Benny, I’m curious. I do not rate the EPC’s person skilled in the art as “cretinous and semi-literate”. Are you criticising the universal notion of a “person skilled in the art” (which every patent system has, and needs, for objectivity)? Or are you criticising something in particular, namely the “cretinous and semi-literate” PHOSITA invented by the courts of the USA?

  3. Benny November 16, 2020 11:47 am

    Max, I referred to the ficticious USA based PHOSITA, who is unique in being ignorant of all art outside the specific and narrow field of his or her invention. While the notion may be useful, it is too far removed from reality to make any sense.

  4. MaxDrei November 16, 2020 12:49 pm

    Thanks Benny. Yes, I suppose the division of prior art into that which is “analogous” and that which is not is i) bench-made law ii) not helpful and iii) found only in the USA.

  5. ipguy November 16, 2020 3:37 pm

    The “person of ordinary skill” is a useful tool to help maintain objectivity but the USPTO has essentially rendered it a joke because there isn’t a single US Patent Examiner who is trained on how to actually determine the level of ordinary skill in the art during the course of prosecution. If pressed on how they have failed to determine the level of ordinary skill, Examiners will just spit back a copy-and-paste of caselaw and the MPEP, with no substantive response or analysis. With regard to patent litigation, the level of ordinary skill is essentially a negotiation between the litigators representing each side. Numerous post-grant proceeding PTAB determinations seem to be nothing more than a Solomon-like exercise in splitting the baby. It’s a laudable concept but a joke (if not outright fraud) in its implementation.

  6. MaxDrei November 16, 2020 4:22 pm

    What an interesting comment from you, ipguy. Thanks. Having practised for the last 30 years almost exclusively before the (civil law) EPO, where the Examining and Opposition Divisions and Technical Boards of Appeal legitimately take upon themselves the mantle of the “person skilled in the art”, I had lost sight of your point that, because in litigation in an adversarial (English common law) landscape, the attributes of the PHOSITA will be a matter of “negotiation” between the litigants, it is inevitable that Examiners at the USPTO are destined progressively to render the concept an unworkable shambles.

  7. ipguy November 16, 2020 9:06 pm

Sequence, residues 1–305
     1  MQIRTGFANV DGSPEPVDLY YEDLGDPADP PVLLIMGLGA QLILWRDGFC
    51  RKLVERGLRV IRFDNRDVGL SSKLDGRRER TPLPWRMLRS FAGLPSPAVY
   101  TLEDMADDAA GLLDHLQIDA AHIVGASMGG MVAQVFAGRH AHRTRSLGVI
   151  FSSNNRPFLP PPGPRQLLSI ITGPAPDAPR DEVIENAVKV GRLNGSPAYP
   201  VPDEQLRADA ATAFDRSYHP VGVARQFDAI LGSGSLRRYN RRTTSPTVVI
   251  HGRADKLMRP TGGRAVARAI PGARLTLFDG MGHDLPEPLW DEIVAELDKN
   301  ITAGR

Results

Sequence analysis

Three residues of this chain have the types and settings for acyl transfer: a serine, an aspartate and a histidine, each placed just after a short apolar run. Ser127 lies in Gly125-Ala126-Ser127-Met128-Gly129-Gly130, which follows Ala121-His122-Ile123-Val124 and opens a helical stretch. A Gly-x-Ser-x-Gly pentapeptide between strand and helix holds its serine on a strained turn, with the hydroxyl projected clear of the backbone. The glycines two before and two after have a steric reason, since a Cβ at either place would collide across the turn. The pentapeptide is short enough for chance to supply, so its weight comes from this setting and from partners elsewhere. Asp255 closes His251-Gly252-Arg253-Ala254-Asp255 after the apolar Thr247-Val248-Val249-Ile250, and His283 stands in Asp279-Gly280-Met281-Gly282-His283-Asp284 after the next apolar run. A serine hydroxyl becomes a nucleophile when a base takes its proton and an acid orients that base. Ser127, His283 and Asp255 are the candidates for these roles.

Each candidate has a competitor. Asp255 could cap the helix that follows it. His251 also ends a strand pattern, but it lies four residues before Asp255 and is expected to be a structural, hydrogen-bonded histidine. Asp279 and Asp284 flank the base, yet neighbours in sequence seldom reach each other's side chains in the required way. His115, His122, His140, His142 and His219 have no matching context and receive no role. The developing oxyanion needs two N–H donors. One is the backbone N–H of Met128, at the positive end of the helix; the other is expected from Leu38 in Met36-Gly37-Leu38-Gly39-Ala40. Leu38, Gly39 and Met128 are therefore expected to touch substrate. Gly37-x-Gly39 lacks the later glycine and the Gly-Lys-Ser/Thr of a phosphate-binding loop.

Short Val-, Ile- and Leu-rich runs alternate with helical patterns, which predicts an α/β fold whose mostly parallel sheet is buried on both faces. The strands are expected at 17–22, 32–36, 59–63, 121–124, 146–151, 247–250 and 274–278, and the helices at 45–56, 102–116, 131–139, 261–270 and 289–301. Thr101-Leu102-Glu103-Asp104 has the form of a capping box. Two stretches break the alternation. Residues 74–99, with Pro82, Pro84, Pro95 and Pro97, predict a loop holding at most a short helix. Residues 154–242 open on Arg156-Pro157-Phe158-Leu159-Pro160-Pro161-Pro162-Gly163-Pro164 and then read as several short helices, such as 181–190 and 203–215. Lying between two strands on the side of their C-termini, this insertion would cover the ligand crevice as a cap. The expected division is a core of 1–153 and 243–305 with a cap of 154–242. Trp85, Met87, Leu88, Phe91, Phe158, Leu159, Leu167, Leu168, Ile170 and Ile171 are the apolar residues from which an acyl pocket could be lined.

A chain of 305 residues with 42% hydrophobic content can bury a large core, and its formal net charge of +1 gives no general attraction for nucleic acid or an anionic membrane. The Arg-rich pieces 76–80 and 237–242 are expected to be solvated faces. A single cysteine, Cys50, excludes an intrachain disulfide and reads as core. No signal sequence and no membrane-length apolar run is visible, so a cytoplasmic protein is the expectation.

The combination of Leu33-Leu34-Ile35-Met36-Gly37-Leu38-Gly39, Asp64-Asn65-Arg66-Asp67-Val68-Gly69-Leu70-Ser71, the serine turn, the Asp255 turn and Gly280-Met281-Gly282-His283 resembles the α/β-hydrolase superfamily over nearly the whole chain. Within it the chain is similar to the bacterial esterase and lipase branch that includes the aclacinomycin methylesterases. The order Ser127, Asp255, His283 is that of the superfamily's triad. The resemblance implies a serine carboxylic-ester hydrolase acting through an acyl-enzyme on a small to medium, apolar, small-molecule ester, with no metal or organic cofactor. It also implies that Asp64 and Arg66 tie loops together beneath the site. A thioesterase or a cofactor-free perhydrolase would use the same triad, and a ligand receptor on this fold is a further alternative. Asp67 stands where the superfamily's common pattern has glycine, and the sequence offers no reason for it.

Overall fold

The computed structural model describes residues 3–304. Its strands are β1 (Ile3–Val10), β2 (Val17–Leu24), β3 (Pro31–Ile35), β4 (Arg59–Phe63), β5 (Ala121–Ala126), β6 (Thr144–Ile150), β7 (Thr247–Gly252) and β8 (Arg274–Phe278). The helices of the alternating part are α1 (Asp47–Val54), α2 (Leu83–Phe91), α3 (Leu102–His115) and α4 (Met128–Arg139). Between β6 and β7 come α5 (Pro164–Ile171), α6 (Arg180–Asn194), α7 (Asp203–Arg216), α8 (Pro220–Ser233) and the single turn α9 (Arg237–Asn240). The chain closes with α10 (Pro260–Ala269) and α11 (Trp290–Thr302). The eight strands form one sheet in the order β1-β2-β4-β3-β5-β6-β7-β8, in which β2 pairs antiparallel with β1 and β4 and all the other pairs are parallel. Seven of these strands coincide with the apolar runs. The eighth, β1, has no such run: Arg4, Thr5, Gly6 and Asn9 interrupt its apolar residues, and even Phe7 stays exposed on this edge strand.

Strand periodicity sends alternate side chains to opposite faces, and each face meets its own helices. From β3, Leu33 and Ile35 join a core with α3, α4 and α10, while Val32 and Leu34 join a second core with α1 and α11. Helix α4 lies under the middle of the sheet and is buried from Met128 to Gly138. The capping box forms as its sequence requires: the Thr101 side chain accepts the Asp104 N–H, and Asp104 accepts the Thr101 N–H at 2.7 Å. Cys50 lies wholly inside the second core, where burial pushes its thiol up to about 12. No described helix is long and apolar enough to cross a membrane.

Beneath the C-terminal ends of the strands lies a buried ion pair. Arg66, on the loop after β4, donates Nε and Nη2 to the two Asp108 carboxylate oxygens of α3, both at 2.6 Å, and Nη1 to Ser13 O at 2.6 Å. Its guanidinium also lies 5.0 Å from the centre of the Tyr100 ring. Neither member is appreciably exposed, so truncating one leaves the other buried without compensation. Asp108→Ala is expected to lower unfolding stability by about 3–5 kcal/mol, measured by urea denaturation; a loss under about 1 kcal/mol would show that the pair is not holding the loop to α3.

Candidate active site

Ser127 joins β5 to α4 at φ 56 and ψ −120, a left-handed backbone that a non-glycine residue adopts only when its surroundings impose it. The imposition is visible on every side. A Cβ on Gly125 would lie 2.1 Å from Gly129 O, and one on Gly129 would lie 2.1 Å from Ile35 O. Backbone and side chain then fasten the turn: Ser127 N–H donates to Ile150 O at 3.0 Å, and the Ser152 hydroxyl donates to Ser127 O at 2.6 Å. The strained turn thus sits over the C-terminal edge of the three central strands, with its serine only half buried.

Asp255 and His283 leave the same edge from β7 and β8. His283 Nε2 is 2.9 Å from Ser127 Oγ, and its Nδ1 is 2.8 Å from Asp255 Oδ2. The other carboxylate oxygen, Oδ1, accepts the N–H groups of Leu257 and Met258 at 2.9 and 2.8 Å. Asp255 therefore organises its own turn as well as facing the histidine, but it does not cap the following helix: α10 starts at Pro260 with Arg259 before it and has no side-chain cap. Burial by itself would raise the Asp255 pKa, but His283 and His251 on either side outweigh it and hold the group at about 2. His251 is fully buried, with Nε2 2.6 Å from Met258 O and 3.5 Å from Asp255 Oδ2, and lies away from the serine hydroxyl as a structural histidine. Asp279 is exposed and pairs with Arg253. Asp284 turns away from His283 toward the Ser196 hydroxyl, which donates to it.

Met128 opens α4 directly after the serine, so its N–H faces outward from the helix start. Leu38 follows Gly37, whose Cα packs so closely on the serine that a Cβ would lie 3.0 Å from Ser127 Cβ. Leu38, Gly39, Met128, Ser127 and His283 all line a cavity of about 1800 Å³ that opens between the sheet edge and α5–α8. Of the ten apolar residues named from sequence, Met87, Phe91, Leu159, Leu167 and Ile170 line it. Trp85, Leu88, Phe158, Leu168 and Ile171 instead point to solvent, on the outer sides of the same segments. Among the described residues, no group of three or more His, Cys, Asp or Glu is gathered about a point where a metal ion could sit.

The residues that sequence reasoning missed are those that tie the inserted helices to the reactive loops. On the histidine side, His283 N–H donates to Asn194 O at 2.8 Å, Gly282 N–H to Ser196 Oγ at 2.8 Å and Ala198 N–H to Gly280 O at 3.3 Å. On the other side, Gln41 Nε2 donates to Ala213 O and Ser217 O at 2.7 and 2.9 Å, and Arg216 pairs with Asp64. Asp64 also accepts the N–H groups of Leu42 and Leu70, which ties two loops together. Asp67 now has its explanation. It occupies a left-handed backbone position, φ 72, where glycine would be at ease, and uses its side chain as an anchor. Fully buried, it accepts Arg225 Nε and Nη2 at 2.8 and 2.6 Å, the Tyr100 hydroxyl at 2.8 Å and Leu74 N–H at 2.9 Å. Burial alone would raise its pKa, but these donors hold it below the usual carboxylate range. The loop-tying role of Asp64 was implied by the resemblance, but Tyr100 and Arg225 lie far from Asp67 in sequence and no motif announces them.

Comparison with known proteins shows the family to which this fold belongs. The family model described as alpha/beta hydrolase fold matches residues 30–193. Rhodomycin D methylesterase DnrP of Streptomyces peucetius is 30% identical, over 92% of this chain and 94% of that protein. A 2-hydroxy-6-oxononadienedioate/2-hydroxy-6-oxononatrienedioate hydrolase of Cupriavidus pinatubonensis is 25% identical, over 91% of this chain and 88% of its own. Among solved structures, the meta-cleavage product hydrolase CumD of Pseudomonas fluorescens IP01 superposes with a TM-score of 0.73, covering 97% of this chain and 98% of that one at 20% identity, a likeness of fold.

Don’t forget that, technically speaking, the level of ordinary skill in the art was determined by the USPTO during prosecution. I don’t think any patent litigator has made, or defended against, the argument that the level of ordinary skill presented by the plaintiff or defendant in a patent litigation differs from that determined by the Examiner during prosecution.
    Is the level of skill a constant from prosecution through litigation or, like claim interpretation, is the USPTO entitled to make a “broader” determination of ordinary skill during prosecution than a patent litigator can make during litigation?

  8. MaxDrei November 17, 2020 3:44 am

    ipguy, I don’t want to appear rude, by failing to answer your question but I’m not in the USA and not a US attorney so am not qualified to answer it.

    I’m assuming you are throwing the question out to all readers.

  9. Anon November 17, 2020 7:55 am

    MaxDrei,

    It is not “appearing rude,” as much as it IS rude.

    I cannot help but notice that you are doing that old thing of yours, getting up on soapboxes and having NO problem giving your opinion on US law matters, but retreating from any discussion when points are put to you and hiding behind a “I’m not a US attorney” line.

    Maybe consider that line BEFORE you fling your feces at the wall to see what sticks.

    Or better yet, do not hide so cravenly, BE respectful and engage. Everyone who has posted on the patent blogs for any length of time are already fully aware that you are not a US attorney, and you lacking qualifications never stops your tongue (or pen, or keystrokes) anyway. Stop being disingenuous. That IS rude. And hiding behind a thing veneer of civility only emphasizes the rudeness.